A surprise meteorite hit the moon during Monday's total lunar eclipse

During Monday's super wolf blood moon lunar eclipse, some observers noticed a tiny flash on the surface. Turns out that was a football-sized meteorite smashing into the western surface of the moon. This was the first time a meteorite impact was spotted during a total lunar eclipse. Now, scientists will study images from NASA's Lunar Reconnaissance Orbiter (LRO) to hopefully find the new crater, perhaps as large as 33 feet across. From National Geographic:

An eagle-eyed viewer on Reddit spotted the potential impact during the eclipse and reached out to the r/space community to see if others could weigh in. The news spread quickly on social media, as people from across the path of totality posted their images and video of this tiny flicker of light...

“The Earth and the moon are in such close proximity that observing the impacts on the moon can help us learn a lot more about the frequency of impacts on Earth,” explains (University of Toronto planetary scientist Sara) Mazrouei, who recently authored a study detailing an ancient spike in large meteor bombardment on the moon, and thus on our planet.

...Seeing the aftermath of smaller impacts on airless worlds like the moon can help scientists learn about the effects of larger strikes on all kinds of worlds—including our own, Madiedo says.

“By knowing what happens with smaller impacts, you could know what could happen with larger impacts without really studying a large impact on Earth.”

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Total lunar eclipse Sunday January 20 will be 'Super Blood Wolf Moon'

Starting Sunday evening, Jan. 20, 2019, North and South America will have a chance at seeing 2019's only total lunar eclipse, from start to finish.

Our Earth, Moon and Sun line up on Sunday night for the only total lunar eclipse of of the year. Catch it if you can. Read the rest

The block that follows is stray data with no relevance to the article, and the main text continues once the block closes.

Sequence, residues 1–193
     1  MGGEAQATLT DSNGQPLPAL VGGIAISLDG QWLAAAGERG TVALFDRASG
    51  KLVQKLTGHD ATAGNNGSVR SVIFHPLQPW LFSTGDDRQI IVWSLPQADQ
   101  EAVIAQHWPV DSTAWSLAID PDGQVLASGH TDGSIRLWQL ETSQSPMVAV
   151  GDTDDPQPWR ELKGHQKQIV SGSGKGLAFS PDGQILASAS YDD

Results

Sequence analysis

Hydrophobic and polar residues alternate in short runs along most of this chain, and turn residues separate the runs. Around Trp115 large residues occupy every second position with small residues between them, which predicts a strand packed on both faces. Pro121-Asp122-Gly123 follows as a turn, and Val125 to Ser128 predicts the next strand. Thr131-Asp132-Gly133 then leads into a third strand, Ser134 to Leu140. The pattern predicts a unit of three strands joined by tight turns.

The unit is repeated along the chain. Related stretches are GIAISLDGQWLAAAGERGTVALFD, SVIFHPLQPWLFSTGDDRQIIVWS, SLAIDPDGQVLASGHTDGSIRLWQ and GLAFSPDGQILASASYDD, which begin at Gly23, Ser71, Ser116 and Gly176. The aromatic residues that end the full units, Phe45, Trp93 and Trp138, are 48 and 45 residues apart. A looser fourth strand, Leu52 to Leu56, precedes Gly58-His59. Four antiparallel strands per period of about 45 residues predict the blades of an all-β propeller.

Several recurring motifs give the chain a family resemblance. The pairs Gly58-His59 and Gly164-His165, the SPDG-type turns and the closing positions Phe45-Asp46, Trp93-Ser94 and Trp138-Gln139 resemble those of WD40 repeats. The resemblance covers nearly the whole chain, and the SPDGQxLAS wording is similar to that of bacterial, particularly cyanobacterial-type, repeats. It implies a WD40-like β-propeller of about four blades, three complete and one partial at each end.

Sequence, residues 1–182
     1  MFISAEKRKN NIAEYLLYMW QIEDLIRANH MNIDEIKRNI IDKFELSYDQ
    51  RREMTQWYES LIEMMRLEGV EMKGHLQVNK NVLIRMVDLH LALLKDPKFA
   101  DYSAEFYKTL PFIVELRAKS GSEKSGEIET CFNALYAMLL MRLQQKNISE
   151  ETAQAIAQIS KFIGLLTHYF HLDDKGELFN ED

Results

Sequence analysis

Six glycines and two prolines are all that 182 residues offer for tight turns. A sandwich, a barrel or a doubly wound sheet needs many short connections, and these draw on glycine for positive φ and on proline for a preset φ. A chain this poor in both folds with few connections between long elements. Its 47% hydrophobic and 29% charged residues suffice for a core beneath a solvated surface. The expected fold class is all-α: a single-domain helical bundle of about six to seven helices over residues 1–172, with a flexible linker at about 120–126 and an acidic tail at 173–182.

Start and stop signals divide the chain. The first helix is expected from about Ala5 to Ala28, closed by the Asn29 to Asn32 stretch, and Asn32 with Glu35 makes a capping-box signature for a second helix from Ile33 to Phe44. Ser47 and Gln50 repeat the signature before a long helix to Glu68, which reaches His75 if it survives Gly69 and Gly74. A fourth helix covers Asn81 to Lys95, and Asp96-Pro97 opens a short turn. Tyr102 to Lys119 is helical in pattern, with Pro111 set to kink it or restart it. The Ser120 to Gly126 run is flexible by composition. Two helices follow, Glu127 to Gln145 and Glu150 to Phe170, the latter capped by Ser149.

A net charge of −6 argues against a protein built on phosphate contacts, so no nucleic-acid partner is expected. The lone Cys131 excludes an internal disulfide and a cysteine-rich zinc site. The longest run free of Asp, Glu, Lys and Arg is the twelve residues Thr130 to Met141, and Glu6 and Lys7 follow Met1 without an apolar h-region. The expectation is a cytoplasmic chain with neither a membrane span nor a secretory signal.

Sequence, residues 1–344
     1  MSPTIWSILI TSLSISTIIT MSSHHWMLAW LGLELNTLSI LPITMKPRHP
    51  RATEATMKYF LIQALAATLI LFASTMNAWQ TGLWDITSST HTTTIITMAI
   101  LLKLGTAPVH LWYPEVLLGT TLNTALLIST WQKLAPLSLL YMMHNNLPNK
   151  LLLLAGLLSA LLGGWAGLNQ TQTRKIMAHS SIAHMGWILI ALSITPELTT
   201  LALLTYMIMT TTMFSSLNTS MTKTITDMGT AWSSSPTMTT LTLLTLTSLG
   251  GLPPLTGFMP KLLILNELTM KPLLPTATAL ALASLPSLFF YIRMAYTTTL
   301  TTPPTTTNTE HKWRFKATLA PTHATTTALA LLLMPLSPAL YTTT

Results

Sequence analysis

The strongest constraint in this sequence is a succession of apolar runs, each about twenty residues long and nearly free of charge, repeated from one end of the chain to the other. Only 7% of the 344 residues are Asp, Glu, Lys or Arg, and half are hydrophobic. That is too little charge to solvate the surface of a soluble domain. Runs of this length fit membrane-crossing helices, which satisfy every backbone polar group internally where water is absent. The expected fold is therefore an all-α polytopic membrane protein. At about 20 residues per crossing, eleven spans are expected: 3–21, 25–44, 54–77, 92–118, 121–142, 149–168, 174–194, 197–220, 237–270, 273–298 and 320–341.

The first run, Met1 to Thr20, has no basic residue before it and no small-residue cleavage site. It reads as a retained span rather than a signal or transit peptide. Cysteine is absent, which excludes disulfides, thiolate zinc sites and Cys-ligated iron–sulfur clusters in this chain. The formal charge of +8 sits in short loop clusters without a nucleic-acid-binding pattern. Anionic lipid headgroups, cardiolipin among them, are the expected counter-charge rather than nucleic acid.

Mysterious repeating signal from distant galaxy detected by new radio telescope

One distant galaxy, one "very unusual repeating signal." But it's never aliens.

...a very unusual repeating signal, coming from the same source about 1.5 billion light years away. Such an event has only been reported once before, by a different telescope. ... The CHIME observatory, located in British Columbia's Okanagan Valley, consists of four 100-metre-long, semi-cylindrical antennas, which scan the entire northern sky each day.

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Interview with the astronomer who speculated that Oumuamua might be a sign of extraterrestrial life

As his title indicates, Harvard astronomy department chairman Avi Loeb is an extremely credentialed astronomer. So when he asserted that an object currently passing through our solar system might just be the product of an alien intelligence - eyebrows went up. He made this argument in a scientific paper published on the 12th of this month, in the Astrophysical Journal, which is one of the top research publications in all of astronomy.

I got wind of this paper before its official release date, and reached out to Avi. And we ended up having the longest and most in-depth interview he’s given on this fascinating topic thus far. You can hear our full conversation by clicking below:

Avi’s generous availability delighted me, Because like anything connected to aliens, this story has Inevitably led to an avalanche of sound bites and clickbait.

It’s also triggered a fair amount of controversy amongst professional astronomers. The negative reactions have ranged from skepticism, to something verging on … moral outrage. But adversarial debate is one of the key mechanisms by which science advances.

There have been periods stretching for decades when the field of astronomy was divided over some of the most basic aspects of the cosmos. Is the universe expanding? Was there, or was there not a Big Bang? Are black holes a thing – or just a theoretical toy? Great minds lined up on opposite sides of these questions for large proportions of their careers.